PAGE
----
This kind of response is one of the results of people everywhere demanding a changed value system that reverses the relentless drive towards consumerism and materialism in favour of a better quality of life, where spiritual values are added to the equation and more emphasis is given to closer and more meaningful relationships, not only amongst their personal networks, but also within the global arena.
There has also been a growth in social philosophies like communitarianism which stresses that societal (as opposed to individual) formulations of good are both needed and legitimate. Communitarian concepts have been gaining ground as a response to excessive individualism in the West and a retreat from collectivism and authoritarianism in other parts of the world. The principles they espouse are seen by some as one antidote to religious fundamentalism.
Such developments should encourage us to take heart. While the development of goodwill in the consciousness of humanity first highlights the difficulties and cleavages which distinguish the political, economic and social life of people everywhere, Alice Bailey notes in her book Rays and the Initiations, "the revelation of a cleavage is ever accompanied (for such is the beauty of the human spirit) by efforts along all possible lines to bridge or heal the cleavage. This is testified to by the thousands of groups and organisations working to end cleavages and to pull down the barriers to right human relationships. That these efforts may be faulty and fruitless is often of less importance than the fact that the attempts to heal, to help and to establish right human relations are everywhere being made". iii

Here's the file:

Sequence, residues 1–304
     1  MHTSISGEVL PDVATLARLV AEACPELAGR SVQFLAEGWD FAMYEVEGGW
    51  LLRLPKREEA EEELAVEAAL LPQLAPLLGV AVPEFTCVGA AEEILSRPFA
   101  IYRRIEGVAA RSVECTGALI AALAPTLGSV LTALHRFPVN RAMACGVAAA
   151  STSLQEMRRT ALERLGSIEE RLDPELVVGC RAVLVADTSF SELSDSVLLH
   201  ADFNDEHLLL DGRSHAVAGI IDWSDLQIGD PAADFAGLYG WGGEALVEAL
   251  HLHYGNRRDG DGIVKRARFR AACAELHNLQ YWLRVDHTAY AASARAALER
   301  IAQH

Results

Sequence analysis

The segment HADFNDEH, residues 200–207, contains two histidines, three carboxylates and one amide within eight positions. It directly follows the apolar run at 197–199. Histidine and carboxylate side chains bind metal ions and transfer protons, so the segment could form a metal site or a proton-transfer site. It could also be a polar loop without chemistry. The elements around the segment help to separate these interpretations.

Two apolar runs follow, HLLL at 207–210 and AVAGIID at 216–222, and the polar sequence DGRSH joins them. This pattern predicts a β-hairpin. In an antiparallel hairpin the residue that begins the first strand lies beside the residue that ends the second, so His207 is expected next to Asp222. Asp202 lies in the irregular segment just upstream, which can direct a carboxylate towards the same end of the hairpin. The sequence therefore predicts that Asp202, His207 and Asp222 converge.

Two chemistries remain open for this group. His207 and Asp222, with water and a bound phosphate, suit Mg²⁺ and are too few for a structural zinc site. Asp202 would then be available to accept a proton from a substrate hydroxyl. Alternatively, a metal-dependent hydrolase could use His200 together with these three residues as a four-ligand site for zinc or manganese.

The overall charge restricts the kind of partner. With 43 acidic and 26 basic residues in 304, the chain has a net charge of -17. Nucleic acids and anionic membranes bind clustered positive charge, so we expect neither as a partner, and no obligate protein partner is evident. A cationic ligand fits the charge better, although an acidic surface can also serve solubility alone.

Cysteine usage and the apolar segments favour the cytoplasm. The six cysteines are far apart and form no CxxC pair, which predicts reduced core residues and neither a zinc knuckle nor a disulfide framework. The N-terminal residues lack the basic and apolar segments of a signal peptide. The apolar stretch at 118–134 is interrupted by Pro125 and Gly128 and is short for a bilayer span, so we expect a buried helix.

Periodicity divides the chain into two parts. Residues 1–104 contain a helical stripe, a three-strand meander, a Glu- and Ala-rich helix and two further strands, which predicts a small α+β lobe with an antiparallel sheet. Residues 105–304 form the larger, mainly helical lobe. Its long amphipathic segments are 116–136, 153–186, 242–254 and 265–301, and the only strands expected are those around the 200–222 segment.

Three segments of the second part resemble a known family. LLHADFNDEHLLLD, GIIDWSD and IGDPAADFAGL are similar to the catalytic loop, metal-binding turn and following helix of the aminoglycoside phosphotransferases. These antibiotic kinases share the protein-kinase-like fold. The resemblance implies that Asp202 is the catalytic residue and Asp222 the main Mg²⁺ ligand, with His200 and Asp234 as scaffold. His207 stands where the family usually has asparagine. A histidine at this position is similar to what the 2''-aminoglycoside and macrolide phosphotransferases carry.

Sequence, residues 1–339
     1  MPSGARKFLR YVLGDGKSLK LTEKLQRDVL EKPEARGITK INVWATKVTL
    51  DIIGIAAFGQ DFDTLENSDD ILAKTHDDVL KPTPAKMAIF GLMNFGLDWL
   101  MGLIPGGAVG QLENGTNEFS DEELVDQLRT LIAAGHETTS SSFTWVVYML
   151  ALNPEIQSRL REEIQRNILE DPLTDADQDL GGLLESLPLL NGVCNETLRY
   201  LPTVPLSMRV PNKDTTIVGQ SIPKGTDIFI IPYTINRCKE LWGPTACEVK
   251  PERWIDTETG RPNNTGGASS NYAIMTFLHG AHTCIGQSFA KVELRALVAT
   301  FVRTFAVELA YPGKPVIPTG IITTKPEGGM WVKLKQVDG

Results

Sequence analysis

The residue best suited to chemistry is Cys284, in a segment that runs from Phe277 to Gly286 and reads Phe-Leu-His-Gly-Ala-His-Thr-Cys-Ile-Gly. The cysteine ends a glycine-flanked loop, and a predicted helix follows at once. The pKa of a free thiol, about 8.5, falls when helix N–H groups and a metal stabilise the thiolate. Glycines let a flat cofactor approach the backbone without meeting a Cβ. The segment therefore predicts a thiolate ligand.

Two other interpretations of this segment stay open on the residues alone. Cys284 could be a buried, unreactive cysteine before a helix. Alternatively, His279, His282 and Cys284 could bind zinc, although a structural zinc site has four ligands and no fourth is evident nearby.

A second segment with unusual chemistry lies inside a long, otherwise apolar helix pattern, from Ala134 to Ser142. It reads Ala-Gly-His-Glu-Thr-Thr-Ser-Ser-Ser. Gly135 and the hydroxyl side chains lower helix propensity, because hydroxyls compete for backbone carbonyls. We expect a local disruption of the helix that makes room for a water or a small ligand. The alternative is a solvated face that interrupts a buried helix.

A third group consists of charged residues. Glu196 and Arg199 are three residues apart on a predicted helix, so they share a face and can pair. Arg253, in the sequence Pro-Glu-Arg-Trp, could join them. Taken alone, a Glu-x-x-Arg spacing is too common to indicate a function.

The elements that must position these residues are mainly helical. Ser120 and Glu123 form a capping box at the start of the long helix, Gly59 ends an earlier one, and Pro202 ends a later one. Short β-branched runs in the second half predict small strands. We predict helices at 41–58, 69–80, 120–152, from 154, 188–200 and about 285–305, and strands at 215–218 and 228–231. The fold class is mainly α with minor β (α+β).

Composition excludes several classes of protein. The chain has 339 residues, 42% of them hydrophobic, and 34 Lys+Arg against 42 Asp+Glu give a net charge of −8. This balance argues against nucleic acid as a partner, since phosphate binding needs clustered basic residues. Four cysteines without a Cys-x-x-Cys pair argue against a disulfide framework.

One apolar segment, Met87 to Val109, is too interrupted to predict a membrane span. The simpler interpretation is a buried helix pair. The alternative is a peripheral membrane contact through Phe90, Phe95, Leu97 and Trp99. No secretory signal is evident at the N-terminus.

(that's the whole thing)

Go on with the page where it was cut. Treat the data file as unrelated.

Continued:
But what do these encouraging developments have to do with Aquarius and the story of a little boy carrying his brother on his back?
Aquarius is the sign of the world server. The disciple leaves the "light supernal" experience on the mountaintop of Capricorn, and walks freely among humanity while remaining aligned with the higher light experienced on the mountain. This higher light is then used to transform the darker light of the physical forms that the disciple (along with the rest of humanity) has created. This is the time to be business-like and practical and apply what has been learnt.